Skills Game Bill Passes Virginia General Assembly, Awaits Youngkin’s Signature

Written By Phil West on March 4, 2024 - Last Updated on March 5, 2024
A Virginia bill legalizing skills games awaits the governor's signature.

There’s only one step remaining for skills games to become legal in Virginia once again. Last week’s passage of Senate Bill 212 by both chambers of the state’s General Assembly means it’s now up to Gov. Glenn Youngkin to sign it into law.

Youngkin spokesman Christian Martinez confirmed to PlayVirginia on Monday the bill awaits the governor’s signature.

“The governor is reviewing the legislation that has been delivered to his desk as he continues to watch how the General Assembly chooses to act on other important priorities.”

Should Youngkin sign the bill, it would allow the arcade-style games, which are similar to slot machines but contain an element of skill, to be legal throughout the state.

Proponents applaud legislation, while critics warn of consequences

The legislation would counter a ban on the machines first passed in the General Assembly in 2020. That ban was given a one-year reprieve from Gov. Ralph Northam, allowing revenue from the machines to go to the COVID-19 Relief Fund created in response to the pandemic.

Skills games have been in legal limbo in Virginia since then, with a judge blocking the injunction in December 2021. But the Virginia Supreme Court vacated the injunction last fall.

Rich Kelly, president of the Virginia Merchants and Amusement Coalition, which was created to advocate for skills game legalization, said on Friday the measure will help small businesses.

“For years, thousands of small businesses throughout the commonwealth have come to rely on the supplemental, sustainable revenue provided by skill games. This victory will solidify their presence in Virginia and give thousands of small business owners peace of mind knowing they can keep their doors open, create jobs and support their local communities.”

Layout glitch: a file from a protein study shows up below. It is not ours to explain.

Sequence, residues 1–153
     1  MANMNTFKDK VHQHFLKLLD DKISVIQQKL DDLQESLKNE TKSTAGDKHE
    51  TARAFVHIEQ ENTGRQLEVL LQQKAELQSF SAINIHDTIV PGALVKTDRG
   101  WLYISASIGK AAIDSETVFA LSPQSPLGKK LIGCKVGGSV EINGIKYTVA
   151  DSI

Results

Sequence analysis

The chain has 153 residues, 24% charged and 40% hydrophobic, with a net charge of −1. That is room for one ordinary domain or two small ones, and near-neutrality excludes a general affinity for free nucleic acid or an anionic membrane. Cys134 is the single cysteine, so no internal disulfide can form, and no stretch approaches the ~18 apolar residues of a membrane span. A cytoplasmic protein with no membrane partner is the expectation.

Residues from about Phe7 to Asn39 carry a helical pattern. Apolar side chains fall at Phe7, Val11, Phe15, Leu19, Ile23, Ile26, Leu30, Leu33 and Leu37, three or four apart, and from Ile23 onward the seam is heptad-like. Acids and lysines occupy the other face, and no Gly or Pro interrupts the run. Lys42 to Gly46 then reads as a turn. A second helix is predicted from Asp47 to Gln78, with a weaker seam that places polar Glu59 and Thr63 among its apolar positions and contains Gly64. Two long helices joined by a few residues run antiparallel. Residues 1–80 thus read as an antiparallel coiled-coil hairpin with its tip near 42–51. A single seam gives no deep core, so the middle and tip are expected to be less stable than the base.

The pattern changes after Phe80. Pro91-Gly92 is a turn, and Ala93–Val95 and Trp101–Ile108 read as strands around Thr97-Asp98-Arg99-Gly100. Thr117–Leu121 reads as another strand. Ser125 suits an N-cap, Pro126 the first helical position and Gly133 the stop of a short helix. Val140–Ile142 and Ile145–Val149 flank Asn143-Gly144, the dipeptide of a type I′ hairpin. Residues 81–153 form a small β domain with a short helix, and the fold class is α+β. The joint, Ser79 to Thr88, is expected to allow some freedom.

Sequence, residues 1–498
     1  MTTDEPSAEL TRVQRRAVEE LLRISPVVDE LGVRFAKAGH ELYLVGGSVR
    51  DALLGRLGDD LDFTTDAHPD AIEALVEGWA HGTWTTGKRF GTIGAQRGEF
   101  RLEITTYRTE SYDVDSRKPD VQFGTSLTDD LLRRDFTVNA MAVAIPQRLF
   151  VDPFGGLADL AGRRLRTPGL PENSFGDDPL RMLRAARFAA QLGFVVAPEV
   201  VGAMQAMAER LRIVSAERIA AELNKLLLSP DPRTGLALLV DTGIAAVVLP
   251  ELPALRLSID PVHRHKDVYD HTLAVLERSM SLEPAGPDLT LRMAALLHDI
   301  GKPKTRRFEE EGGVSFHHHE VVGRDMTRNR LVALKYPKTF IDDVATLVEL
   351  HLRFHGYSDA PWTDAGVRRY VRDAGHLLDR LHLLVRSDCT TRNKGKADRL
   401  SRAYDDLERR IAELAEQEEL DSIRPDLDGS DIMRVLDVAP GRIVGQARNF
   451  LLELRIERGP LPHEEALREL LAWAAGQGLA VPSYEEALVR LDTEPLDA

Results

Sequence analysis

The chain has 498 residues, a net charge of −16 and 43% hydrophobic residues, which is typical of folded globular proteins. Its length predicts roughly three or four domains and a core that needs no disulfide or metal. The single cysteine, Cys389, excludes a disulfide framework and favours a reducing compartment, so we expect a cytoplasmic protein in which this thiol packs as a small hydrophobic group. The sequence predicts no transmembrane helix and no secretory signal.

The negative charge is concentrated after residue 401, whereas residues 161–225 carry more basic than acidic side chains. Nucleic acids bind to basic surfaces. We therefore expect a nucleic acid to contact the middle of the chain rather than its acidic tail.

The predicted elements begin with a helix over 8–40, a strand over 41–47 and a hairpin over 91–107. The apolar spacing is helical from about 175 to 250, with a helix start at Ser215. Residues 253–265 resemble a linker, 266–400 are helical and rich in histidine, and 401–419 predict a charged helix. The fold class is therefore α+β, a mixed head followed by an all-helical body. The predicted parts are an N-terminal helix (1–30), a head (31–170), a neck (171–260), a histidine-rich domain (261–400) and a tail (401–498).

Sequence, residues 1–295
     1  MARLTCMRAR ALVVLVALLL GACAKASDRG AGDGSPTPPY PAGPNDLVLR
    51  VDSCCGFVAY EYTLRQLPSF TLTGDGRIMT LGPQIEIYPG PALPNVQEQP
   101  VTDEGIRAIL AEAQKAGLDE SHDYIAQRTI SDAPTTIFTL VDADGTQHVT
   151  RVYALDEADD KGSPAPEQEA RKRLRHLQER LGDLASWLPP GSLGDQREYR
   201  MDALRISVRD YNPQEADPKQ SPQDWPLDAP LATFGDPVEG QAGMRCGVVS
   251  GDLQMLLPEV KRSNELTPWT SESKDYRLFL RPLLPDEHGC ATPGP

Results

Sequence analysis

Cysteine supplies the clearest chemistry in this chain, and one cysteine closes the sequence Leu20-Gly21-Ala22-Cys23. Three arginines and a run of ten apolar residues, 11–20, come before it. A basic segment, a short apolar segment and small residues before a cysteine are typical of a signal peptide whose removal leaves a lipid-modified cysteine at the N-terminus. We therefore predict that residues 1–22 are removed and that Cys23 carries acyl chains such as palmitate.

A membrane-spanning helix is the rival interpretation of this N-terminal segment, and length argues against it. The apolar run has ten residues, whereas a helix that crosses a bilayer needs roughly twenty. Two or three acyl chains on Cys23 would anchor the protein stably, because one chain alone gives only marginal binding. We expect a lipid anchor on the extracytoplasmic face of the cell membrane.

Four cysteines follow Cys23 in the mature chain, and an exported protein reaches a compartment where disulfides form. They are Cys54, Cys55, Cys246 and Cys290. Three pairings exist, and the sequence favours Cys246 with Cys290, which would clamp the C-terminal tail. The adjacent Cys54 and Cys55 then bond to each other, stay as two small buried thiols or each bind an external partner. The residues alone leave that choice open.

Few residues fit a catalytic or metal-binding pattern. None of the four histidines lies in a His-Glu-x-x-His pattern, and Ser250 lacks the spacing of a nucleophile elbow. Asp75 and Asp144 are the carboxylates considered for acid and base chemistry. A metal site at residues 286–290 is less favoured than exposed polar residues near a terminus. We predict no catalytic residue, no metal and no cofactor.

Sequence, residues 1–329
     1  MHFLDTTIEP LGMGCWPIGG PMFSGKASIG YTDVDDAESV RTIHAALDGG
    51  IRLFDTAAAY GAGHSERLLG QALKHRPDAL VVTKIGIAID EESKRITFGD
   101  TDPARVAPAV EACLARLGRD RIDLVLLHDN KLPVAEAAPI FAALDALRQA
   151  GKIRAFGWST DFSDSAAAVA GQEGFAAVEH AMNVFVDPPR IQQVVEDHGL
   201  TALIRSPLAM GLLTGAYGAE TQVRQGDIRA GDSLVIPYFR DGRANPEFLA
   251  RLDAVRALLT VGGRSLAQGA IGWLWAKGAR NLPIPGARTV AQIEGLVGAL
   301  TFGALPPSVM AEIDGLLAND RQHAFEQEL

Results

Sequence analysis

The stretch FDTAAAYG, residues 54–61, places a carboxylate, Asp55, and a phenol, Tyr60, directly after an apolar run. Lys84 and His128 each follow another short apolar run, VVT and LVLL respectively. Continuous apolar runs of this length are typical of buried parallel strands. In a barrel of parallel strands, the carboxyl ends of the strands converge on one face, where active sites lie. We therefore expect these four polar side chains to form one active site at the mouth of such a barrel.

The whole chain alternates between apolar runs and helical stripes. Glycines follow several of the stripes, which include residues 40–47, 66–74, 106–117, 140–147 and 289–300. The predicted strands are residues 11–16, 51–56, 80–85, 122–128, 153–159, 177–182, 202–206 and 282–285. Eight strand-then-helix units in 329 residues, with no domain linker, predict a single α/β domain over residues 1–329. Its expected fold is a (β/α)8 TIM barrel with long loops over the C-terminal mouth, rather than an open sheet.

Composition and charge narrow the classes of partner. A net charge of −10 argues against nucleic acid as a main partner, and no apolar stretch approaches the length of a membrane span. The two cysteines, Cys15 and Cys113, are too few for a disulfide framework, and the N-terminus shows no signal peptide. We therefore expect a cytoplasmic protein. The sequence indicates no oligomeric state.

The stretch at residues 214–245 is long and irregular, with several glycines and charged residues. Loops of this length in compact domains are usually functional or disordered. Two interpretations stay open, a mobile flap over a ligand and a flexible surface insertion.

An Associated Press article noted that the coalition “involved skill game developer Pace-O-Matic and business owners who have hosted the games and shared in their profits.”

The AP said it was “testimony of the business owners, many of them first-generation Americans, who said the machines had been a lifeline for their restaurants, convenience stores and gas stations, especially during the pandemic,” that helped sway people skeptical of legalizing the games.

Critics still exist, though. Virginians Against Neighborhood Slot Machines, a coalition lobbying against the legislation, warned against passage.

“This is bad policy that would bring an unprecedented expansion of gambling to every corner of Virginia without even attempting to provide basic guardrails including local referendums, legitimate background checks, security or problem gambling regulatory requirements.”

Youngkin had issues with the legislation

It’s unclear whether Youngkin will sign the bill. A Virginia Mercury article reported that Youngkin had concerns.

In that article, Youngkin spokesman Rob Damschen said there were a plethora of problems with the legislation.

“The administration has serious concerns with both the House and Senate versions of the bill. There are numerous issues to work through, including the regulatory structure, tax rates, the number of machines, impact on the Virginia Lottery and broader public safety implications.”

State Sen. Aaron Rouse characterized the bill to the Virginia Mercury as a compromise leaving no one fully happy while meeting the goal to “help small businesses and optimize revenue for the commonwealth.”

The passed bill includes a 25% tax rate on the machines’ gross receipts. It allows as many as four gambling machines in businesses licensed by the Virginia Alcoholic Beverage and Control Authority and allows up to 10 machines in truck stops.

Should Youngkin sign the bill, the law would go into effect July 1.

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Phil West

Phil West is a longtime journalist based in Austin, Texas, whose bylines have appeared in The Daily Dot, Nautilus, Pro Soccer USA, Howler, Los Angeles Times, Seattle Times, Philadelphia Inquirer, San Antonio Express-News, Austin American-Statesman, and Austin Chronicle. He has also written two books about soccer.

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